Facebook Post Helps Overturn Detroit Brothers' Murder Convictions
The Highers brothers may finally go free after a judge ordered a retrial in a murder case where the Detroit men were convicted 25 years ago.
Raymond and Thomas Highers were just 21 when they were sentenced to life in prison for the murder of a drug dealer who was shot in his home. Then two years ago a high school classmate of theirs made a post on Facebook about the brothers. That started a chain reaction where other classmates got together to find evidence of their innocence.
Based on the testimony of new witnesses, Judge Lawrence Talon overturned the brothers' conviction on Thursday but the men are still not free.
Judge Talon delayed the decision of whether to let the men free on bond until he had additional information about their conduct while in prison, reports The Detroit News.
The conviction was overturned based on new evidence which effectively means that Judge Talon considers that the new evidence may contribute to a different decision at trial.
A retrial doesn't violate double jeopardy in this case since the brother's have not been acquitted and the case is still active. While the original trial may not have included all the evidence that does not mean the prosecution did not prove the elements.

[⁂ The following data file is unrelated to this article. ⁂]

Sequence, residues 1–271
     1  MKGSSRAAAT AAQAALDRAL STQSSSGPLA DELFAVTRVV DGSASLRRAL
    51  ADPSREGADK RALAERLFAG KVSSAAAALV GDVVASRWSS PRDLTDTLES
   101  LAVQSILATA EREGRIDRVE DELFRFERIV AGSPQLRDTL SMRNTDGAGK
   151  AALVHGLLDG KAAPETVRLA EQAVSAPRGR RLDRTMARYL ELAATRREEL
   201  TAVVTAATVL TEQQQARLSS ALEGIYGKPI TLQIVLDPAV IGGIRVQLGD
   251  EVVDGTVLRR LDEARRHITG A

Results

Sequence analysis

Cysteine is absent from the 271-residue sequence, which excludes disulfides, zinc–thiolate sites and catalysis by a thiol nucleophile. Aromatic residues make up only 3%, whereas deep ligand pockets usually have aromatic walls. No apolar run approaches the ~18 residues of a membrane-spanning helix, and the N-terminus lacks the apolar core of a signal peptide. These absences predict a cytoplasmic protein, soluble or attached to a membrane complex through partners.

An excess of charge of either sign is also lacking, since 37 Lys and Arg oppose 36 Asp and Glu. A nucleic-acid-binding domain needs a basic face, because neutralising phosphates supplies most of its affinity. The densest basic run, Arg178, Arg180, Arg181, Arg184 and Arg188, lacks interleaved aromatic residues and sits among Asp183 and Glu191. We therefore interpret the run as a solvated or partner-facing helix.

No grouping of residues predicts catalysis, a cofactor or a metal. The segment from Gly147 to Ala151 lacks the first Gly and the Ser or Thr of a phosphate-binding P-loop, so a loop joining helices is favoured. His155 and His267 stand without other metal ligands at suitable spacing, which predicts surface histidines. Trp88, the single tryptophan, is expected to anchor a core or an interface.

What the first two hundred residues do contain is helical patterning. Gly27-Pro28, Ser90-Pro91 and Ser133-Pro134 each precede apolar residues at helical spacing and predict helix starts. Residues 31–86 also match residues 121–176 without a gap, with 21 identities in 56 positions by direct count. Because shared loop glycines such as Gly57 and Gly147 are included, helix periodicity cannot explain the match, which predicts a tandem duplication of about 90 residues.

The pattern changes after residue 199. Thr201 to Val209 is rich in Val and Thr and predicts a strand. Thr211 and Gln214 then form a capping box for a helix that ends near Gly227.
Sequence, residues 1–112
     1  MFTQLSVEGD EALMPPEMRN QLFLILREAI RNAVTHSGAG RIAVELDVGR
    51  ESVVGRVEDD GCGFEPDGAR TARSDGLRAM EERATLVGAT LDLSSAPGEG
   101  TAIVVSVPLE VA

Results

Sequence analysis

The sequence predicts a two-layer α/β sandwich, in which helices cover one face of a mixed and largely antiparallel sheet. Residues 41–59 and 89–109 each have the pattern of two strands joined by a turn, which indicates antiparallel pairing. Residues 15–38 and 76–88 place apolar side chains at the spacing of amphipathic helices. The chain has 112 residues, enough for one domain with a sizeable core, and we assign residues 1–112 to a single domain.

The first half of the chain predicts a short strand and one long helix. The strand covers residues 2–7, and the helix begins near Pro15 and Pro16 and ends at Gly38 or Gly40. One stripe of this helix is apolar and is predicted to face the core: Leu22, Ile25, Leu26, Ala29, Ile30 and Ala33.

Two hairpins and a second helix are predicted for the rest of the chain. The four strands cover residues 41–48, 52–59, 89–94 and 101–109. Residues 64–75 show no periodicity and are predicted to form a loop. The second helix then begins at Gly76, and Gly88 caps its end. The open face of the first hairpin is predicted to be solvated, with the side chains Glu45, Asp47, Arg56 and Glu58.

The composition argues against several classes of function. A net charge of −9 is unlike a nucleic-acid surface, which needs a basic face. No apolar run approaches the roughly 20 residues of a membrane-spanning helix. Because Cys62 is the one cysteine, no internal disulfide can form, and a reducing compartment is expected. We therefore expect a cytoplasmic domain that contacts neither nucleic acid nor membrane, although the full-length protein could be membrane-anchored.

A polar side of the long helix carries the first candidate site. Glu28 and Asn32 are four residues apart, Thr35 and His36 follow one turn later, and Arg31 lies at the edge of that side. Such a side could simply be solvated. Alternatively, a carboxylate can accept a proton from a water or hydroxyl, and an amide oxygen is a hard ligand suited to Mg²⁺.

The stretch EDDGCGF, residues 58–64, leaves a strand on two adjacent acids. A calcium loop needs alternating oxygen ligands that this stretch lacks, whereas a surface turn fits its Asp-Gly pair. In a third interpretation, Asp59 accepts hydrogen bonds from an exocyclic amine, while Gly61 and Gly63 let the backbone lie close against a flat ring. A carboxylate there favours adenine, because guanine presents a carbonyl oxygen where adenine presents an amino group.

What it does mean is a jury may get to hear the case with all the evidence present, which may influence their decision.
The new witnesses claim they were at the dealer's house on the night he was shot and saw two black men commit the crime. The Highers brothers are white. That testimony could create doubt that they were involved in the murder.
The prosecution has appealed Talon's decision to a higher court but the judge denied their request to halt the proceedings until the appeals court makes a decision.
Family members are just hoping to have the Highers brothers home soon. If released on bond the men can go free while they await a retrial.
- Highers brothers to remain in jail until hearing(ABC)
- Criminal Defense Lawyers (FindLaw)
- Man Detained 17 Years After Conviction Overturned Can't Sue (FindLaw's U.S. Sixth Circuit)